Japan's farm minister Yoshimasa Hayashi has campaigned vehemently to protect the nation's agricultural sector and is among a number of politicians and bureaucrats, from whom Abe derives a great deal of political support, who believe the issue of eliminating tariffs would, at a bare minimum, be a constitutional quagmire, with Hayashi stating that Japan's stance on the matter has already been "enshrined" in a parliamentary resolution.
A consensus growing among some sources closely connected to the issue is that Japan's reluctance to ease the talks forward by making some concessions on its tariffs, and Abe stating at a Lower House budget committee meeting Thursday that setting a deadline for the conclusion of TPP talks could allow other countries to take "unfair advantage" of Japan and harm national interests, is something of a ploy by Japan to rewrite the TPP's original ideology.
"The potential for this deal is huge as in theory the TPP countries together could end up accounting for almost 40 percent of global gross domestic product and about one-third of all world trade and Japan is under no illusions about the scope and potential of this deal," Philip McNeil, an author and commentator on Japanese politics told Xinhua.
"As the second largest economy involved in the deal, Tokyo and Washington both know they have a lot of clout over smaller countries. What we might see emerge is Tokyo and Washington browbeating smaller TPP members to serve their economic needs, while jointly stalling on concessions expected as per the TPP's original manifesto, to secure current and future national and economic interests," McNeil said.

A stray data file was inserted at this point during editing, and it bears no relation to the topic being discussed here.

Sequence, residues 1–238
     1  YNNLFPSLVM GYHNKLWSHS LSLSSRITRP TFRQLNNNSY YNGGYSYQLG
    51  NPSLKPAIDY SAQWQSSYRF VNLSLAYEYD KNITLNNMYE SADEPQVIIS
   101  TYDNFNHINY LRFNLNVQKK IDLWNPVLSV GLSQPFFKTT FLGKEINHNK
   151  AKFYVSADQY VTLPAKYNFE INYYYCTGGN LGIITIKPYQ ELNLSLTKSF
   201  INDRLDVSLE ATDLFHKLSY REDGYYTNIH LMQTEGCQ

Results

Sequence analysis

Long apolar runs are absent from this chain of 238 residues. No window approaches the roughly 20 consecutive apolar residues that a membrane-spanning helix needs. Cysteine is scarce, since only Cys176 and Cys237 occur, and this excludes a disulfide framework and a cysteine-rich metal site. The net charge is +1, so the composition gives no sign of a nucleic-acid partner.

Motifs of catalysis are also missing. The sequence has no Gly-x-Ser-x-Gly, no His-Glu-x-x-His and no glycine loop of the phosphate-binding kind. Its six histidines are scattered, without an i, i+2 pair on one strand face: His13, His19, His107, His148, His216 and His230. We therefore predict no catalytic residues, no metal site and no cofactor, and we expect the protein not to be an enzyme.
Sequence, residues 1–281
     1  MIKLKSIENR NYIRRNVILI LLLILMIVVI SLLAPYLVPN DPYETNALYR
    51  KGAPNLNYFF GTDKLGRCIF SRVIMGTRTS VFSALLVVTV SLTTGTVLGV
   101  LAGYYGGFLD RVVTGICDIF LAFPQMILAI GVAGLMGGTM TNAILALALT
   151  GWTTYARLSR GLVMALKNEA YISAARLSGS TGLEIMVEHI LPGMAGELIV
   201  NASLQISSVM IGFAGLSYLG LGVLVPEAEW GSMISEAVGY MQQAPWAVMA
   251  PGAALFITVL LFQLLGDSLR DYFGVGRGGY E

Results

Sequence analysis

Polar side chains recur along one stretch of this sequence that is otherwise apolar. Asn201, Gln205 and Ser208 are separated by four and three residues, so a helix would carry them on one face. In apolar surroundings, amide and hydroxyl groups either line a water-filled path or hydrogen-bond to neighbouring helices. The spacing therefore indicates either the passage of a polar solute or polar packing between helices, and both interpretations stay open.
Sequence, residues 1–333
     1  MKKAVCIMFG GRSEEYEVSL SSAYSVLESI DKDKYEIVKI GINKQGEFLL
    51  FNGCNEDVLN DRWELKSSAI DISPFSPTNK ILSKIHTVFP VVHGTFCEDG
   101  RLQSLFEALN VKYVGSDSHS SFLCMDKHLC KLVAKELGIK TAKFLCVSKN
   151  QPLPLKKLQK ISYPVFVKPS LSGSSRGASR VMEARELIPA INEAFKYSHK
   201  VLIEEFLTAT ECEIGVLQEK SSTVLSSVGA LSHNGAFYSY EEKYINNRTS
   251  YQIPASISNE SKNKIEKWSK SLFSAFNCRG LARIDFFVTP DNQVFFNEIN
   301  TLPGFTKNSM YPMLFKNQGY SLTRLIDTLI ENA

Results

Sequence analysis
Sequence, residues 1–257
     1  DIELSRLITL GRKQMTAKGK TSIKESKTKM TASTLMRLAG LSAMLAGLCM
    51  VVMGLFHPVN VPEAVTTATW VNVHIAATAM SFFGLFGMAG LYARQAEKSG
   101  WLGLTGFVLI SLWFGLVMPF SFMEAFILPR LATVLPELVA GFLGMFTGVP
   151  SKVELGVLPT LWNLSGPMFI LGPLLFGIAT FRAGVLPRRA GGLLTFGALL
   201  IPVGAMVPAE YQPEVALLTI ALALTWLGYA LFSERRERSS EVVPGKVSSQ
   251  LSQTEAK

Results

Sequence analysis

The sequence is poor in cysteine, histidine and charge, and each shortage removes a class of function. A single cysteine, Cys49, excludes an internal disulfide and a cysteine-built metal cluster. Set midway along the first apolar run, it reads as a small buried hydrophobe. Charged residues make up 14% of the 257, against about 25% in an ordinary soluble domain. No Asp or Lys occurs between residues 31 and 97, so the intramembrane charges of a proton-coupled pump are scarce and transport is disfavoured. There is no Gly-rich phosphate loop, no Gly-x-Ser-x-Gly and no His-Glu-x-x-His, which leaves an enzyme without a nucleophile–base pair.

He added that the size and political power of the TPP members directly correlated to how much a member country could subvert the deal for their own gains, while maintaining a protectionist stance on certain tariffs for political or economic reason, or likely both.
Other member countries have previously stated that Japan has failed to live up to the "high ambition" of the TPP, as was originally outlined in the 2011 Honolulu Declaration, at which U.S. President Barack Obama and other leaders pledged a complete elimination of tariffs and flexibility on the matter from all member countries.
But some analysts believe that going forward Japan may not abide by the overall principle to scrap all tariffs within 10 years, but look to phase out tariffs on their own terms over a longer period of time, to keep the pact moving forward, while protecting its own interests -- a move widely in contravention of the original TPP tenet.
"With Japan and the U.S. at loggerheads over automobiles and agriculture, as well as some other issues, it makes sense for deals between the two be "attempted" over an unspecified period of time on a bilateral basis, while the expectation on smaller member countries to fall in line be maintained within the original timeframe," Sinclair said.
"If such a scenario manifests, as seems to be the case, then the two biggest economies involved in the TPP will be able to protect their national (economic) and political concerns, while reaping the benefits from other TPP members towing the line as originally outlined. This seems to be the strategy and for Japan' s part this limits the fallout from lifting tariffs on its sensitive sectors, but ensures it is well-placed to reap the benefits from smaller countries in more economic need of being a part of a free trade alliance in the Pacific area," he said.